“It’s very atavistic… is that the right word? That this happened or is like this because of that?” But might there be some truth to that line of thought? Weisz chooses her words carefully. “It’s such a hard thing to sum up. The best way to describe my parents and our family is… operatic. Everything played out in a very melodramatic way, as if we were the stars of a Tennessee Williams play, which is not actually that good for acting. It would be good for opera, but sadly, I can’t sing. If I had a million-dollar voice, I could nail opera, because I understand that emotional level of living. But with acting, you have to learn that it’s all about very quiet, internal moments. I think I was pretty crap at acting in the beginning because I was too operatic, and it’s taken me a while to learn how to tone that down.” (It’s worth mentioning here that Weisz will inhabit the role of Blanche DuBois this summer in a London production of A Streetcar Named Desire.)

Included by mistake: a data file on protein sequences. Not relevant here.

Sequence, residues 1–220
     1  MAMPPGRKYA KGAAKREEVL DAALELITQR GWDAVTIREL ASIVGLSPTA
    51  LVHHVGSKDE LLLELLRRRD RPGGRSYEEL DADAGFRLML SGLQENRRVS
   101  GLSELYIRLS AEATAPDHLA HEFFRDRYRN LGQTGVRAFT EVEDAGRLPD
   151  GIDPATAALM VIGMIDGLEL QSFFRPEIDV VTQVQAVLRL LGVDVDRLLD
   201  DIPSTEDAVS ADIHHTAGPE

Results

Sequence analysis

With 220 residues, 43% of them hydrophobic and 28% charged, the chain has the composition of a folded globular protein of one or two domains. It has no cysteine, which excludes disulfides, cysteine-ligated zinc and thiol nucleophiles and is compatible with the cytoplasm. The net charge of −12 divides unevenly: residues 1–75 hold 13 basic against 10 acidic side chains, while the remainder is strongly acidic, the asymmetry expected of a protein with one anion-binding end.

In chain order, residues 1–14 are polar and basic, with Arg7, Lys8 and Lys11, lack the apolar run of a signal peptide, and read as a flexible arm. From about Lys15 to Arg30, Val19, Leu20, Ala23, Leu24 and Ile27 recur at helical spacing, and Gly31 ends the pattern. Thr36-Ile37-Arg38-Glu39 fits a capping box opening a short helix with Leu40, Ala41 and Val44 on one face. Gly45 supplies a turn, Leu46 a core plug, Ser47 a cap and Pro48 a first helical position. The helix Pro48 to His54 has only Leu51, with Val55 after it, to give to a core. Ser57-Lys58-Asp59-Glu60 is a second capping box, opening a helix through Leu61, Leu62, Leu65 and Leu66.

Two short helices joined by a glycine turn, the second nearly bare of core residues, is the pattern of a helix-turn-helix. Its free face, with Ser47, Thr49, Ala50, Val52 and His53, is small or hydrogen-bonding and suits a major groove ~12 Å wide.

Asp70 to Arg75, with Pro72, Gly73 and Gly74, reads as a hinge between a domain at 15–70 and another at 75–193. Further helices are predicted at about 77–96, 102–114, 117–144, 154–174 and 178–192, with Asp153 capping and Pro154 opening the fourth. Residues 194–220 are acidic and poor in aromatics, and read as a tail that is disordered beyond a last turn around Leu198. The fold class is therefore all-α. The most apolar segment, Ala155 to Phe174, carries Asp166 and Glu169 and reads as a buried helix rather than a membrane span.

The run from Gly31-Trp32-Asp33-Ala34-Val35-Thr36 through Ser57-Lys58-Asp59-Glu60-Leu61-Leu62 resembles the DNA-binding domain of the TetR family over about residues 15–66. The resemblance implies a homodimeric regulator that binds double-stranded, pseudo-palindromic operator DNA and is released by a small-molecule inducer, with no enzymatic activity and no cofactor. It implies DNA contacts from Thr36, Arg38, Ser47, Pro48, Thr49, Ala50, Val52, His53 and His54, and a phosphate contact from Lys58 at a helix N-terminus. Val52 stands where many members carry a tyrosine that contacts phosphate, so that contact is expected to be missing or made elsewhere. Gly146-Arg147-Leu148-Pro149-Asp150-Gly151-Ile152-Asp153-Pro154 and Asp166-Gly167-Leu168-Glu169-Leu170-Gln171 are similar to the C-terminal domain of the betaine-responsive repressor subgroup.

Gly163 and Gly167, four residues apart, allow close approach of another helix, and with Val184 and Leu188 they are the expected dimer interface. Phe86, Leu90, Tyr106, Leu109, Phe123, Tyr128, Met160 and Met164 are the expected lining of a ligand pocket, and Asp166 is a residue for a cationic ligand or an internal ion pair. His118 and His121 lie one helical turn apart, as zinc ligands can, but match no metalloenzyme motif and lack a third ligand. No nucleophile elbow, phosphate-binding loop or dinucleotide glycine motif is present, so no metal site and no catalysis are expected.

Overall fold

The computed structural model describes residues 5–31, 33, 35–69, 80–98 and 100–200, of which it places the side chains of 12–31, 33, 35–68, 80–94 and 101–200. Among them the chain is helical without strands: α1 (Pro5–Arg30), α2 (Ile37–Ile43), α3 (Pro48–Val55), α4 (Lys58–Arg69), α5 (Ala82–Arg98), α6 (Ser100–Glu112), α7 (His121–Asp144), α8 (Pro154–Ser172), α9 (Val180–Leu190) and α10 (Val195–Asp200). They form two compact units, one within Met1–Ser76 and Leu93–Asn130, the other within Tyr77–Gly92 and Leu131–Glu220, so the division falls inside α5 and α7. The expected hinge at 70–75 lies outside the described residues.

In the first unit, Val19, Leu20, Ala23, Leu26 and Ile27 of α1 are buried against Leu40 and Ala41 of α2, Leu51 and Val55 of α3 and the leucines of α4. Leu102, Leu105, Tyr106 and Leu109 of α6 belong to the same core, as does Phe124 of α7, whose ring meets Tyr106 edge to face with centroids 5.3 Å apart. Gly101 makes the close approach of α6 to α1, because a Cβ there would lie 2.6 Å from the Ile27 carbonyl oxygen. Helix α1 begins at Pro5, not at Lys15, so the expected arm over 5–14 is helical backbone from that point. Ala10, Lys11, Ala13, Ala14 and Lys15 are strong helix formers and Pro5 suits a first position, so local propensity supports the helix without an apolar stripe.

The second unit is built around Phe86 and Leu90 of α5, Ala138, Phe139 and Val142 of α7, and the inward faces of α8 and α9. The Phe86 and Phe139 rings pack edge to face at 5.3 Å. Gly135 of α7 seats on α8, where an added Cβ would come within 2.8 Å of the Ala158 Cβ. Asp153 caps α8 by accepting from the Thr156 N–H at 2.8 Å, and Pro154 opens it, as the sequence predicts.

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I don’t think anyone can push me harder than me, professionally,” says Weisz, considering a nearby plate of sautéed spinach. “If that person exists, I’d love to meet them.” She smiles, waiting for suggestions. What about Lars von Trier, the notoriously prickly director of Dancer in the Dark and Dogville? “Oh, I would love to work with him!” she says, tugging slightly on her upturned black turtleneck. She imagines the possibility for a minute. “Actually, I don’t do too well with conflict in work. Some people like that sort of thing. They create conflict and that’s how they get their energy up. I’d rather have friends.”